So, first, you got arrested.  Now you’re either in jail (and that means your Mom is reading this) or you got bonded out and you’re freaked out about what to do next.  That’s OK.  We know what to do. This is what we do.  (If you’re REALLY freaked out, just stop here and call (405)-236-1800 and say, “WHAT do I do?”  We’re here to help.)

Mom, if you’re reading this, you have a decision to make. Do you need to bond Billy (or Sally) out of the county jail or do you need to let them sit and hire them an attorney?

Well, here’s how it works.  Most counties in Oklahoma require you to hire your own attorney if you bond out of jail. So if you bond out and you don’t or can’t hire an attorney, you will have wasted your bond money.  The judge might put you back in jail and assign you a public defender.  In most cases the judge wants you to have an attorney!  He wants to make sure that someone is looking out for you.  If you can’t hire your own, he’ll give you an attorney, a public defender.  But the only way you qualify for a public defender is if you have no way to hire one on your own.  And in a lot of Oklahoma counties that usually means that you have to be in jail to get one.  Yuck!

If you’re going to pick a bondsman, pick a nice one if you can.  There’s not much choice in some counties.  There’s LOTS of choices in others.  They all charge about the same and they provide pretty much the same service.  So pick one that treats you right.  (AND PAY THEM!  They can put you back in jail faster than a knife fight in a phone booth.)

So, bond out?  Don’t bond out?  If you have to make a choice between bond and hiring an attorney, I almost always recommend hiring the attorney (whether you hire me or someone else).  That can be hard to face: leaving your loved one in jail so you can hire them an attorney, but in a serious case, like Murder, Rape, or Drug Trafficking, they need a lawyer on their side! 

[By the way, I’m not knocking Public Defenders, they are usually GREAT attorneys. They know the law.  They know the prosecutors and judges.  They know the system. They usually have a lot of experience or access to someone with a lot of experience.  AND, (unfortunately) they have LOTS of clients.  They simply don’t have the time to spend explaining all the little details to each and every one of them.  If you have a Public Defender: stop bitching, listen, answer, tell the truth, trust their judgment and stick to your guns.]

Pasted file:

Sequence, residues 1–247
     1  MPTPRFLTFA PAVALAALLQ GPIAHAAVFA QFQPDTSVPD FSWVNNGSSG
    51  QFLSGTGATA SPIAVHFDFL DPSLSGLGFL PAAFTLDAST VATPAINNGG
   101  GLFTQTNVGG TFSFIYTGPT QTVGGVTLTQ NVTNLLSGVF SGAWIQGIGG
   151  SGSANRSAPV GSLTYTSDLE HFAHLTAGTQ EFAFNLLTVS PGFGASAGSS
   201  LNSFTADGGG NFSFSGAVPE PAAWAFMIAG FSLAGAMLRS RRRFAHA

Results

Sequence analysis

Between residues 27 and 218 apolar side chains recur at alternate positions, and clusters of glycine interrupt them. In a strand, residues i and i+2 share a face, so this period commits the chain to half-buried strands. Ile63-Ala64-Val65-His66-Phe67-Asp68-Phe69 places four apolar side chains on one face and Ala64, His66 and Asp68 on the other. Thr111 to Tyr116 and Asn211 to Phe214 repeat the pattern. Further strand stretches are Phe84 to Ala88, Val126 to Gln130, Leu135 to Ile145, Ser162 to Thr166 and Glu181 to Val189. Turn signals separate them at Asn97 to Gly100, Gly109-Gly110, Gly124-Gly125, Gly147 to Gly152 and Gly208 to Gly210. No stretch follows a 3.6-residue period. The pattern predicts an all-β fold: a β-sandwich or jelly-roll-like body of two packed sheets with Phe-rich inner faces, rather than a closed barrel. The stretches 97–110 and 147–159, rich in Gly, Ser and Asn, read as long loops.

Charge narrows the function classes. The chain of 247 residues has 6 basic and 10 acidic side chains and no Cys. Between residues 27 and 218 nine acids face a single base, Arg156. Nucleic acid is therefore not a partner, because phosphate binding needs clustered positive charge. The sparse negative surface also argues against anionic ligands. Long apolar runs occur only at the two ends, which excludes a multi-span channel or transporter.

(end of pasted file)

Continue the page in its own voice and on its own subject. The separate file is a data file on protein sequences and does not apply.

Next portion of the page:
OK.  If someone has bonded you out, you need a lawyer.  That will cost money.  I’m not saying you shouldn’t start looking for a lawyer cause you don’t have a lot of money, but I am saying that if you don’t have a job, you need one.  Or you need to start talking to your friends and relatives about helping you out.  And you can do those things AND look for a lawyer at the same time.

Ask friends who they would recommend.  Ask Uncle Leo who got him that good deal in 1998.  Look on the internet.  Ask that cop you know.  And then call them.  Call the lawyer.  It’s a hard call to make.  You’re scared and evidently some attorneys are unpleasant.  Our office tries  to treat phone callers like the potential clients they are.

If you call one and he’s (or she’s) unpleasant, hang up and call another one.  A lawyer is someone you need to trust. You are going to pay a lawyer lots of money.  They aren’t cheap.  (Even the crappy ones.)  If you can find a lawyer that makes you feel comfortable and you feel like he or she knows what they’re talking about, you’re off to a good start.  If you want more details, I have another post devoted entirely to How To Pick An Attorney.  And, of course, you can do the easy thing and call (405) 236-1800 right now and get all this over with….

Now you’ve got a lawyer.  Here’s what you do:

First: Trust them.  If you don’t trust them, don’t hire them.  No, really. 

Second: Pay them.  They are not your friend or your buddy.  They are your lawyer.  They do this to feed their families, not because they’re nice people.  They might be nice people, but that is NOT why they are helping you. 

Third: Tell them the truth.  Every lie you tell only exposes you to a worse outcome. 

 Fourth:  Do as they suggest.  (For example, if they suggest you go to treatment, go.  If they tell you to shut down your Facebook account, shut it down.  It may be inconvenient. Your lawyer knows this. But, as an example,  it is less inconvenient, less expensive, and less difficult to find childcare for the time you’re in treatment than for the Two to Ten years you might spend in prison.)

OK.  You’ve got your marching orders.  The most important thing to do is Get Busy.  Time is a-wasting.  There is a deadline and there will be a test!  Call (405) 236-1800 and get this thing going.  Good luck!